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The Bank of Canada has little control over fixed mortgage rates. These are mainly determined by activity in the securities market. Simply put, when Canadian government bond yields rise, fixed mortgage rates tend to rise as well.

It is difficult to predict the bond market, but a stronger economy typically increases the value of government bonds. If the economy takes off and investors earn higher returns on their bonds, fixed mortgage rates will continue to rise.


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“Although the Bank of Canada rate has been at historic lows since the crisis began, mortgage rates have risen and then fallen, and are now rising again,” Royal LePage CEO Phil Soper told MoneyWise.

That said, Soper doesn’t see an increase in fixed rates anytime soon. In addition to requiring a certain level of turmoil in the bond market, higher fixed rates also depend on lenders’ decisions.

some can lower your rates to stay competitive – a strategy the mortgage market saw in 2020, when HSBC announced a five-year fixed rate at an eye-popping rate of 0.99 percent. Other lenders may raise their rates because they think a new offering makes their services attractive enough to secure some extra basis points.

“I think we’ve gone up about 35 basis points from the lowest level we saw in 2020,” says Soper. “The five-year fixed rate is still extremely low by historical standards, but it has risen materially from its lowest point.”


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How consumers should react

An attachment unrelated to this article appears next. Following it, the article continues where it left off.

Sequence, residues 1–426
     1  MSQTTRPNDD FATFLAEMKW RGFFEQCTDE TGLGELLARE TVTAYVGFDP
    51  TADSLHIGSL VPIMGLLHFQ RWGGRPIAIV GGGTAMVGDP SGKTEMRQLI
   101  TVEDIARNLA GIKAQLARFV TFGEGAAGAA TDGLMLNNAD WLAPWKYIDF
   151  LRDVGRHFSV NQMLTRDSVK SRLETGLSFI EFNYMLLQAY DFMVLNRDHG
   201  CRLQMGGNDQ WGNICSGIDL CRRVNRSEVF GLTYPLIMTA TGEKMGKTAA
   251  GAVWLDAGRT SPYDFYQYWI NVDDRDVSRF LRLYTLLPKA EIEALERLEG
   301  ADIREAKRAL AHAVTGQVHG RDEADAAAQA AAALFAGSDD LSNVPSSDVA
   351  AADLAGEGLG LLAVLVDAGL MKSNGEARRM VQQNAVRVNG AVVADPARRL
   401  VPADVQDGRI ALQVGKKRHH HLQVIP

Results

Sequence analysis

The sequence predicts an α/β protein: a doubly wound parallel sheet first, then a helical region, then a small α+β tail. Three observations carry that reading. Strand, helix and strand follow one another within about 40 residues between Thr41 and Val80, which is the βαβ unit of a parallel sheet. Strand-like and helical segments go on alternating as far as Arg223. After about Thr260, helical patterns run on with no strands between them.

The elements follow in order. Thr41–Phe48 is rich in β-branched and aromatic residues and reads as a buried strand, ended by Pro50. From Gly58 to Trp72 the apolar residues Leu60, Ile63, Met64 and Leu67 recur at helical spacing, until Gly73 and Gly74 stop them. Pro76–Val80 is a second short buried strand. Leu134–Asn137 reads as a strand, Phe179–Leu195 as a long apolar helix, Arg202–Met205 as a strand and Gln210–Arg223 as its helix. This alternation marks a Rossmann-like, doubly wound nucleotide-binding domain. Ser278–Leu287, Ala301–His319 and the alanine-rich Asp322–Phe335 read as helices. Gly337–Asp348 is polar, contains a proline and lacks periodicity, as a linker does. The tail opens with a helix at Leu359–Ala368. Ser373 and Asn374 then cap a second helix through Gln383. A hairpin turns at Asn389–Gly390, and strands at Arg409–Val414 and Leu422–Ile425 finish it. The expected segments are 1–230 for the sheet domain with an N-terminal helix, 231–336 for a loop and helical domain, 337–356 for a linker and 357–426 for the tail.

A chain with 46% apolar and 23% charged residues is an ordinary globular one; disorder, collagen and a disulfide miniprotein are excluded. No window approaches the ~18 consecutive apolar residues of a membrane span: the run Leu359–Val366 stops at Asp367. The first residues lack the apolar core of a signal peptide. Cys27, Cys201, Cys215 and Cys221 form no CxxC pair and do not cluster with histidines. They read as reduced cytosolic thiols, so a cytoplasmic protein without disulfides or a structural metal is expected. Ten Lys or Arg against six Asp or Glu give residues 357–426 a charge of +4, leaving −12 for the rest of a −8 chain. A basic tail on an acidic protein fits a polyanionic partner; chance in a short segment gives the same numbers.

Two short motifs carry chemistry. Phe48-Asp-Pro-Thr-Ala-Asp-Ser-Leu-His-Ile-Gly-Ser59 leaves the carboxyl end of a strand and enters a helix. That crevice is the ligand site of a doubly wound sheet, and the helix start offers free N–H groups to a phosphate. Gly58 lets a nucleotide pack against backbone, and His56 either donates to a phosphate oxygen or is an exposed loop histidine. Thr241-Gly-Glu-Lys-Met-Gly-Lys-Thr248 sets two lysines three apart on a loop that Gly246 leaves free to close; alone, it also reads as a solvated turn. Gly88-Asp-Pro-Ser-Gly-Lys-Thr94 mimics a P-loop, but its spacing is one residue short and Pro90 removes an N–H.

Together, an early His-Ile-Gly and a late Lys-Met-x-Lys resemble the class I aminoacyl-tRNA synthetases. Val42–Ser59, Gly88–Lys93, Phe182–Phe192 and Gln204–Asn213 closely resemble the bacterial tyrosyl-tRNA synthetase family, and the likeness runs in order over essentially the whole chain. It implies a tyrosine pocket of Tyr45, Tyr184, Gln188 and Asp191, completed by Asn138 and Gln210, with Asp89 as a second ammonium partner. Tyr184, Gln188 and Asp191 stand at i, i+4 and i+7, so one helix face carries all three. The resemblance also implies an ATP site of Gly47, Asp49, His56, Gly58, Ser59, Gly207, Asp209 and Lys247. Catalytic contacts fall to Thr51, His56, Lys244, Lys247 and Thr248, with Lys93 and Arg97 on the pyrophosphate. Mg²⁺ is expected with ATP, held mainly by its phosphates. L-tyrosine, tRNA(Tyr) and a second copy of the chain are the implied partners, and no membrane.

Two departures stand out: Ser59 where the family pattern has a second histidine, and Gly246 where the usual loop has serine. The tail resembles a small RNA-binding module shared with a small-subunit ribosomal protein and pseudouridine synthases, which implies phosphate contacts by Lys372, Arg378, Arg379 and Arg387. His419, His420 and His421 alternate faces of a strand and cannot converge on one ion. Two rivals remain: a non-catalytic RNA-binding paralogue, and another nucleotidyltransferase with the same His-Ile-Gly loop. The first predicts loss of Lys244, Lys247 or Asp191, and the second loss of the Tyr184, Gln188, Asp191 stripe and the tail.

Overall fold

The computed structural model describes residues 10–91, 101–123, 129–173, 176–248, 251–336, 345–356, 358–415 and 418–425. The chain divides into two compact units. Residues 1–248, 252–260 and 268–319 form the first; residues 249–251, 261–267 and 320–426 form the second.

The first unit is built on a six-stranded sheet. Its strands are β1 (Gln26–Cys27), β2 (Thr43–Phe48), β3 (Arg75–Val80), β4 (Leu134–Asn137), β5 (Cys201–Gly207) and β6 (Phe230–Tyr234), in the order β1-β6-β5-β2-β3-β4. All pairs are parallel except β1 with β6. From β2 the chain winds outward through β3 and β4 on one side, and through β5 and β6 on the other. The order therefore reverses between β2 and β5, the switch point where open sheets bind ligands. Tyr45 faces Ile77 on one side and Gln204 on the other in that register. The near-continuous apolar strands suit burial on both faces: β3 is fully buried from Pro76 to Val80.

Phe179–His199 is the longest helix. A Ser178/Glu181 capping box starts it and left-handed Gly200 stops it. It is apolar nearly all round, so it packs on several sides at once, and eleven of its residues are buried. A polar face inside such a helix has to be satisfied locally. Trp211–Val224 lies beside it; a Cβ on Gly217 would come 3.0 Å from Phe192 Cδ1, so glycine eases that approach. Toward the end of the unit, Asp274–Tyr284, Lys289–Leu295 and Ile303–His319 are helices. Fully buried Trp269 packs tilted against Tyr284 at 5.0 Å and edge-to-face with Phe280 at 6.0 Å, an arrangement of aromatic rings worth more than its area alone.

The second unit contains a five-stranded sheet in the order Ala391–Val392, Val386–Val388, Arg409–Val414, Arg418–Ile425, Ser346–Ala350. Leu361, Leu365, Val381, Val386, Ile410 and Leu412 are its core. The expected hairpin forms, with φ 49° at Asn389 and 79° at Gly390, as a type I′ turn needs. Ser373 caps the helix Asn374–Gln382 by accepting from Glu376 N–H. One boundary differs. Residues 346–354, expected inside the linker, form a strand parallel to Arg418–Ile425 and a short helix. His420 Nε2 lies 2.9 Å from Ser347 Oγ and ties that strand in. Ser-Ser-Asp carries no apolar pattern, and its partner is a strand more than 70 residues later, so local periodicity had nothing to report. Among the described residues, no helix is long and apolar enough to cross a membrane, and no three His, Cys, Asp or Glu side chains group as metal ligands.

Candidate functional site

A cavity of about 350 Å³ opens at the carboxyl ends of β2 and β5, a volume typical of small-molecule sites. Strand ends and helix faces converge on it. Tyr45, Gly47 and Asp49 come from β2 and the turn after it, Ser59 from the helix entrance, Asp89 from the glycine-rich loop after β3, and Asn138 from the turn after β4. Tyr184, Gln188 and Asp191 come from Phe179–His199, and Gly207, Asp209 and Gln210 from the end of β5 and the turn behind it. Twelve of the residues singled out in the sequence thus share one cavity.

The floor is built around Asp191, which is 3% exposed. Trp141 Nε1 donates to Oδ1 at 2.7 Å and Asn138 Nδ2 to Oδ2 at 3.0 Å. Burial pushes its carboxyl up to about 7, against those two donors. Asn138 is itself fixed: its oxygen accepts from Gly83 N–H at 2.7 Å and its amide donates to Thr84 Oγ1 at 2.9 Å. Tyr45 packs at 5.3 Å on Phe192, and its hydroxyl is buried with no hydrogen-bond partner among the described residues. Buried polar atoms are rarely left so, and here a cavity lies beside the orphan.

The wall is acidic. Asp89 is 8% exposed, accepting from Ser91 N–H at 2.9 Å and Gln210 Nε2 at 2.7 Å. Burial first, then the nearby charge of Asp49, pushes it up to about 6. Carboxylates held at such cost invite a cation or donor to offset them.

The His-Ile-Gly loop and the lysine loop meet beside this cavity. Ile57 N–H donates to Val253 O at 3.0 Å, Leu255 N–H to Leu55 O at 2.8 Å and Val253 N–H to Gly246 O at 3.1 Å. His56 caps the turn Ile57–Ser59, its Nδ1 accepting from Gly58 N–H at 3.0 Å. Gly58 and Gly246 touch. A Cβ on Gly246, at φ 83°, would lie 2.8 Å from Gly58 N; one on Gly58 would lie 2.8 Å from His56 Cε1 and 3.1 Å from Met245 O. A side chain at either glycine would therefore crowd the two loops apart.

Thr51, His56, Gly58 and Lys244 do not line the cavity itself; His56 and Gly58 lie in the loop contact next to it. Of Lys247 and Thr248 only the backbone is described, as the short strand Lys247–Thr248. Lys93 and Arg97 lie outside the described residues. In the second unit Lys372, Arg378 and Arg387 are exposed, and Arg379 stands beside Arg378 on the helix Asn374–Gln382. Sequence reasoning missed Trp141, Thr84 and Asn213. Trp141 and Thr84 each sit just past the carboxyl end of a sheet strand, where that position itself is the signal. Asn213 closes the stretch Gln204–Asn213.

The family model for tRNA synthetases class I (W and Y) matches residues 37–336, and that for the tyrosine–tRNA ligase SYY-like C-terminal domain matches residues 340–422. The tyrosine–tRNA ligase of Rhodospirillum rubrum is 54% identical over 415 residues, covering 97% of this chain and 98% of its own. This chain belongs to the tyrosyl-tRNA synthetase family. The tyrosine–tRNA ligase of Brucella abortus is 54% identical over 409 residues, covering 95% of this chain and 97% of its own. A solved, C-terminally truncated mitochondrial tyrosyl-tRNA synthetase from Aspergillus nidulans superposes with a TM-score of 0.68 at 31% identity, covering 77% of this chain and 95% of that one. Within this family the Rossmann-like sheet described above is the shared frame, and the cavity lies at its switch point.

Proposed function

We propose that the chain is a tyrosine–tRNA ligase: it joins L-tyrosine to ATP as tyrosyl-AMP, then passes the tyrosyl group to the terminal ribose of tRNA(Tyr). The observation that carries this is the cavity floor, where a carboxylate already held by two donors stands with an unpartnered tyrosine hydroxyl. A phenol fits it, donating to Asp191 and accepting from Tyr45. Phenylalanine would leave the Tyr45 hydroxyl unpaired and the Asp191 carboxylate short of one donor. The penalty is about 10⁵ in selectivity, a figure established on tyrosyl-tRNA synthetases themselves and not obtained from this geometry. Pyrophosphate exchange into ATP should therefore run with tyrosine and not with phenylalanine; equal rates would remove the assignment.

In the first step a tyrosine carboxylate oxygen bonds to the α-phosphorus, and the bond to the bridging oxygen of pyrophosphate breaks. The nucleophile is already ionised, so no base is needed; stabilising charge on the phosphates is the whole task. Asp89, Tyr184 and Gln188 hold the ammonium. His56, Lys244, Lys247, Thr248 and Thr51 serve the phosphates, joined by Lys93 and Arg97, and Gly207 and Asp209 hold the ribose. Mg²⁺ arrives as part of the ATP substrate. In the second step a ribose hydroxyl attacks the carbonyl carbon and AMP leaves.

While the certainty that accompanies fixed-rate mortgages is highly attractive, Soper says buyers should still consider opting for the variable path.

“Especially for younger buyers, my advice is to seriously look at open, variable, and short-term mortgages,” he says. “They are typically, in the long, long term, materially cheaper than five-year fixed mortgages. If interest rates rose quickly, they could be more expensive. But history shows that this doesn’t happen very often. ”

Regardless of what is happening in the market, the lower mortgage rates they usually go to borrowers with the best credit scores. Anyone interested in buying or refinancing should check theirs for free and see if it needs improvement.


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Soper remains optimistic about the future of the Canadian housing market. Even with the supply increasing as eager sellers seek get a great price in a more or less post-pandemic market, there is simply too much unmet demand for housing prices to fall – and that’s before an influx of new Canadians and returning international students starts to arrive.

“At the moment, sales volumes are very high – exceptionally high,” he says. “This, I believe, will continue for about another year.”

This article was created by Wise Publishing, Inc., which provides clear, reliable information that people can use to take control of their finances. Millions of readers across North America have come to rely on the Toronto-based company to help them save money, find the best bank accounts, get the best mortgage rates, and handle many other financial matters.


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Paula Fonseca